Making The Most Out Of Mentorship As A Young Lawyer
For young lawyers, it can be difficult to build a career that is – or will become – meaningful to you. Developing relationships with mentors can be a valuable way to stay on a career path that is enjoyable and provides continued growth opportunities. Below are some tips on how to make the most of your mentorship relationships:
1. Build a diverse group of mentors: There is no maximum number of mentors you can have. Think of your mentors as a board of directors; you want to have several mentors with different skills and perspectives that you can rely on for help and advice. Your mentors do not need to be solely lawyers or IP practitioners; they can have any background. You also want to have mentors both inside and outside of your organization. Internal mentors may provide better advice on making the most of your current position and growing within the organization, while external mentors may be good resources for impartial advice or having difficult conversations about potentially leaving your current position.
2. Mine your mentors’ experience and network: Don’t be shy when it comes to asking your mentors to share their experiences or advice. This is likely why they agreed to mentor you. You will also want to be open and honest with them. If your mentor doesn’t have the whole picture, it will difficult for them to coach you to get to the best resolution. Also, don’t be afraid to ask your mentor for introductions to people within their network. Hopefully they can open new doors for you and help you grow.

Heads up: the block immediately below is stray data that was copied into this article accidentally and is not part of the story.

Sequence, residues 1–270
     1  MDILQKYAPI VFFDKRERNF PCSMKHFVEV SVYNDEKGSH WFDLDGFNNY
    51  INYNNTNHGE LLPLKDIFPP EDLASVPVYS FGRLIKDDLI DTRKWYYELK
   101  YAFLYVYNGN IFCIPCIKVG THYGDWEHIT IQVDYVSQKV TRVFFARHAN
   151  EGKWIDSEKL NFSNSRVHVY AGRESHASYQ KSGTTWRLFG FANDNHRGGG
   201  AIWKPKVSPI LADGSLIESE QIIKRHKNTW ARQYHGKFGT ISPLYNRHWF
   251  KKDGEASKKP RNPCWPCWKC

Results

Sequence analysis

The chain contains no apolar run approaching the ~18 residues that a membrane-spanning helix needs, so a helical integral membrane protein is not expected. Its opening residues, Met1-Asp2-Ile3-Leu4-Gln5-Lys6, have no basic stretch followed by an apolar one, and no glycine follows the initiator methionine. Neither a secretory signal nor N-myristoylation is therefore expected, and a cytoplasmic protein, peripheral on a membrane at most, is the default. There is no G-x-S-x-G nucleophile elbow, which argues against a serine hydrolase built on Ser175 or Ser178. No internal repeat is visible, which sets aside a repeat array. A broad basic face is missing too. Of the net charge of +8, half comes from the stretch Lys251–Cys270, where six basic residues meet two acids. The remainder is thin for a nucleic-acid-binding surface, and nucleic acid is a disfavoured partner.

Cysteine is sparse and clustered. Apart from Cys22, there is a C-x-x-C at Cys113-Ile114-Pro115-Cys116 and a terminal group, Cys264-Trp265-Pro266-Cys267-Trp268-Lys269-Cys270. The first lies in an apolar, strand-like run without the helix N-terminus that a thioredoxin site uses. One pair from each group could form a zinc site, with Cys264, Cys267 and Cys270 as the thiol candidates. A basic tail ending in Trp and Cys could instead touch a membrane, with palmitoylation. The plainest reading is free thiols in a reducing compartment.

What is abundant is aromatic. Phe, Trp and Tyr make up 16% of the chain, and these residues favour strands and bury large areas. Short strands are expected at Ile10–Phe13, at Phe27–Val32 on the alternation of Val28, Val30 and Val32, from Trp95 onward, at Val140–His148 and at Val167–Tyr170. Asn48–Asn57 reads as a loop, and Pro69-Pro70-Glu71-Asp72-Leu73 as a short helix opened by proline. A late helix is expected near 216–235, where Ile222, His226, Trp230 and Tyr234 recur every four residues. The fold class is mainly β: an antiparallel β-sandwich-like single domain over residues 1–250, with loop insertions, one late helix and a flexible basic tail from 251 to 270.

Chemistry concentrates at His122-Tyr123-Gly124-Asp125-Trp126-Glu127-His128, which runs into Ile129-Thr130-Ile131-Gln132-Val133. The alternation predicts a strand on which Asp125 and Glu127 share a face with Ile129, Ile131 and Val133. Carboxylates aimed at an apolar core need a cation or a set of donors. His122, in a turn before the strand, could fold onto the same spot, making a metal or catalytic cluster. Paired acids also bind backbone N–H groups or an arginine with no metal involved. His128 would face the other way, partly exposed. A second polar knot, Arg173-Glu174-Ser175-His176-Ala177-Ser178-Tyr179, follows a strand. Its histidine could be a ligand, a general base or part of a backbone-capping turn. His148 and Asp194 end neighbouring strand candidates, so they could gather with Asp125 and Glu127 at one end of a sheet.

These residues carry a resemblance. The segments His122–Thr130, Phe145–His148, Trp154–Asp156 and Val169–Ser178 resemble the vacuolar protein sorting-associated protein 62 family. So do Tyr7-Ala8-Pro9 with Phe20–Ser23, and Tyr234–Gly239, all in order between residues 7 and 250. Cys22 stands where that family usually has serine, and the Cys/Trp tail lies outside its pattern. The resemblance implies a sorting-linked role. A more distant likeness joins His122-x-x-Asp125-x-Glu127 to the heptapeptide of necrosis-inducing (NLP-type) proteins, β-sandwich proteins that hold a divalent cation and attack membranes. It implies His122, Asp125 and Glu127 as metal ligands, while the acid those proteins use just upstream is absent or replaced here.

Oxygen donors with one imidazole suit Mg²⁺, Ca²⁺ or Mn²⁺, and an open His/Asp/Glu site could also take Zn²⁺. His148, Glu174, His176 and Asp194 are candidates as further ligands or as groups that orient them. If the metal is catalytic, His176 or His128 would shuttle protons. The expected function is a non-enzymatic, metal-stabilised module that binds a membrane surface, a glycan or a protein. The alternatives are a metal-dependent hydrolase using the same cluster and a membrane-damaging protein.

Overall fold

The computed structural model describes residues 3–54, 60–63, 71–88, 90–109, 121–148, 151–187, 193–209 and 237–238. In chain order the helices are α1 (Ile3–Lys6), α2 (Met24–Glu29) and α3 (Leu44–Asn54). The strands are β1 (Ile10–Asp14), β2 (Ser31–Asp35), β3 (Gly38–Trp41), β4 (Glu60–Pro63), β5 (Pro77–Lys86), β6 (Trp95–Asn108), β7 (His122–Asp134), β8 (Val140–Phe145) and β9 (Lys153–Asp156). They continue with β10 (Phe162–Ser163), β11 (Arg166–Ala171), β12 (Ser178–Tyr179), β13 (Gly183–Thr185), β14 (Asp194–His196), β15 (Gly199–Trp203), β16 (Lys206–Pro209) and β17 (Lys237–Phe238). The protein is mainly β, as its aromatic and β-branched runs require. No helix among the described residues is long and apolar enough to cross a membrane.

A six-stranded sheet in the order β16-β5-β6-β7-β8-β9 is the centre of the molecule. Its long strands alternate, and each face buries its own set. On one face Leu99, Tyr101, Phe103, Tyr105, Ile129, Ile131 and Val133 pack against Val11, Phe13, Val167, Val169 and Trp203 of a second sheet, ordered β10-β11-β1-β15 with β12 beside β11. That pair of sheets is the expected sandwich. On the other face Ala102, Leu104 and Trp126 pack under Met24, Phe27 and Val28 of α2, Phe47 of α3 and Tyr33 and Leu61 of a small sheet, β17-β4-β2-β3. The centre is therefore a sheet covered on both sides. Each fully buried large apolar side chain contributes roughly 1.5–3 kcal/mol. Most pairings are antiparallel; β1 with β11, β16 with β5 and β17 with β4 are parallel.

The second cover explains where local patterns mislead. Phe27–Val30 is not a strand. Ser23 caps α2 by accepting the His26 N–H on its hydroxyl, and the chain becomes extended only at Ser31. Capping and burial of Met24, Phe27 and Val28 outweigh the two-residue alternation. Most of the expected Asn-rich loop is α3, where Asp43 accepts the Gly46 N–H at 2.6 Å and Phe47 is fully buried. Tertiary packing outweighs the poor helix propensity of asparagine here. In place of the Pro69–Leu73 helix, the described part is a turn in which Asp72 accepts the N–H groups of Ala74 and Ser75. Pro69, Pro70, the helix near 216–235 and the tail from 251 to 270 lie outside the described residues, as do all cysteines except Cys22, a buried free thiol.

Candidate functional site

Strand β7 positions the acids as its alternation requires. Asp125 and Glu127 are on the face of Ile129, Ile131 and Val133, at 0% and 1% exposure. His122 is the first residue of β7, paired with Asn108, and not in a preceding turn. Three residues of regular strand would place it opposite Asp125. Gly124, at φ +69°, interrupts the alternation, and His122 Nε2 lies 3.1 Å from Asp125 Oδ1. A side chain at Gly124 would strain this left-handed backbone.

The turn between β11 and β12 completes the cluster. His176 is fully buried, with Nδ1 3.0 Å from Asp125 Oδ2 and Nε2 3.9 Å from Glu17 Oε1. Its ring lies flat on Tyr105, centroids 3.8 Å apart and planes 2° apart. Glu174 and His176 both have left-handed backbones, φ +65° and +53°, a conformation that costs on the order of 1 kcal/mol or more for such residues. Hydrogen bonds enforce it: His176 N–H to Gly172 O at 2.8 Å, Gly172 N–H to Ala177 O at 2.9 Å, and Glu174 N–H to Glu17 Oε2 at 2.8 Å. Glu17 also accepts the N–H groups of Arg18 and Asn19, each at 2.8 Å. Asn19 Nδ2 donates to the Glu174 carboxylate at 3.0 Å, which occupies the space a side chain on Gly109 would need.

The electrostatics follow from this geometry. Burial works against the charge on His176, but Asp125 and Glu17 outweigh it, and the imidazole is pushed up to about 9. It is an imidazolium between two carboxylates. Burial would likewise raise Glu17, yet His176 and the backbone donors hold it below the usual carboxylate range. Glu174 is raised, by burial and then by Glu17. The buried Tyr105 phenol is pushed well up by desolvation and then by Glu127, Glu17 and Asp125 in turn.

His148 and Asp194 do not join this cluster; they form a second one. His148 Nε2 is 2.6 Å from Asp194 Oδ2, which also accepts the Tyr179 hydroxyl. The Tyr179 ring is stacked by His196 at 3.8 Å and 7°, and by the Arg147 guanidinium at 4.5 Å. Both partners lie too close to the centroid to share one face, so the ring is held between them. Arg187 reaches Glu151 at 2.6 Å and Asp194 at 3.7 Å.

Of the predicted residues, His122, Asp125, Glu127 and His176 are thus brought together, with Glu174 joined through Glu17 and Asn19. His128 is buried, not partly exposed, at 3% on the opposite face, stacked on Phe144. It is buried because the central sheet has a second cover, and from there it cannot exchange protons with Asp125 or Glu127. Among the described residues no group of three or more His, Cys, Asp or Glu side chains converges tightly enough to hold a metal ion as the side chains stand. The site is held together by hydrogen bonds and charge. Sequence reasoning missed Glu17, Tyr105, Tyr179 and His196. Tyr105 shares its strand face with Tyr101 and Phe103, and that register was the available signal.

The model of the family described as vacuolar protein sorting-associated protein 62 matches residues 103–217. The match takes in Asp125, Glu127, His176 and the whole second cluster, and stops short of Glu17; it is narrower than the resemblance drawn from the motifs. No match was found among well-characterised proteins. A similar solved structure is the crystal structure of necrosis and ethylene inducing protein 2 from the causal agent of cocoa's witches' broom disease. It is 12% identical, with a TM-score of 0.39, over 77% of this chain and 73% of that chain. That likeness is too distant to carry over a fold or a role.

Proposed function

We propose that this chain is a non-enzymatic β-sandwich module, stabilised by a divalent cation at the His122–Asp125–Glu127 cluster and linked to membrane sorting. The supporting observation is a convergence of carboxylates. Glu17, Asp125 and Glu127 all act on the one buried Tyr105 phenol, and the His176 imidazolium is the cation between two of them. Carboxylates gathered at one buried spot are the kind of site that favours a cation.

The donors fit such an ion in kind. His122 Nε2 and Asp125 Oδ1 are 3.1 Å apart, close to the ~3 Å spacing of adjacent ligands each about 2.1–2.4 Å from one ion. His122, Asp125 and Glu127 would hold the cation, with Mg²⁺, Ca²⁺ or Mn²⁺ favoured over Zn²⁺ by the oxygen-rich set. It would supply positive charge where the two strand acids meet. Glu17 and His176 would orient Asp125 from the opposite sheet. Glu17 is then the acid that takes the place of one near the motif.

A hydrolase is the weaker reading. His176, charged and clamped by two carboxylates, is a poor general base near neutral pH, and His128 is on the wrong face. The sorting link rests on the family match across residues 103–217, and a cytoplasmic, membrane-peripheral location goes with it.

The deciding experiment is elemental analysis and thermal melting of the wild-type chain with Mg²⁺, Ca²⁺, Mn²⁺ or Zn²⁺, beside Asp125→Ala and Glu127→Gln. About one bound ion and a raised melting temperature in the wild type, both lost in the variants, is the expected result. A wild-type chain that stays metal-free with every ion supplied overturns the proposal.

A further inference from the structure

3. Lead the mentorship relationship: It is important to respectful of your mentor’s time. Just like meetings with your clients or business partners, you need to come prepared to mentorship meetings and be clear about how your mentors can be most helpful to you. Plan ahead and know what you want to discuss and get out of your mentorship meetings. Some good topics to discuss include how to: have a difficult discussion, create a personal development plan, network and build professional relationships, and build a work-life balance.
4. Have reasonable expectations: Mentors want to help you build and grow your career, but you shouldn’t rely on them to solve your problems for you. Mentors are great for coaching you by asking questions and enabling you to come to your own positive resolution. Be willing to learn and embrace the perspectives that your mentors bring to the table. Be open to their feedback and responsive to their suggestions.
Find the right mentors: If you are not sure where to find a mentor, consider signing up for the IPIC Mentorship Program (https://ipic.ca/mentorship-program). The IPIC Mentorship Program helps pair IPIC members with experienced practitioners to foster career development and integration into the IP community.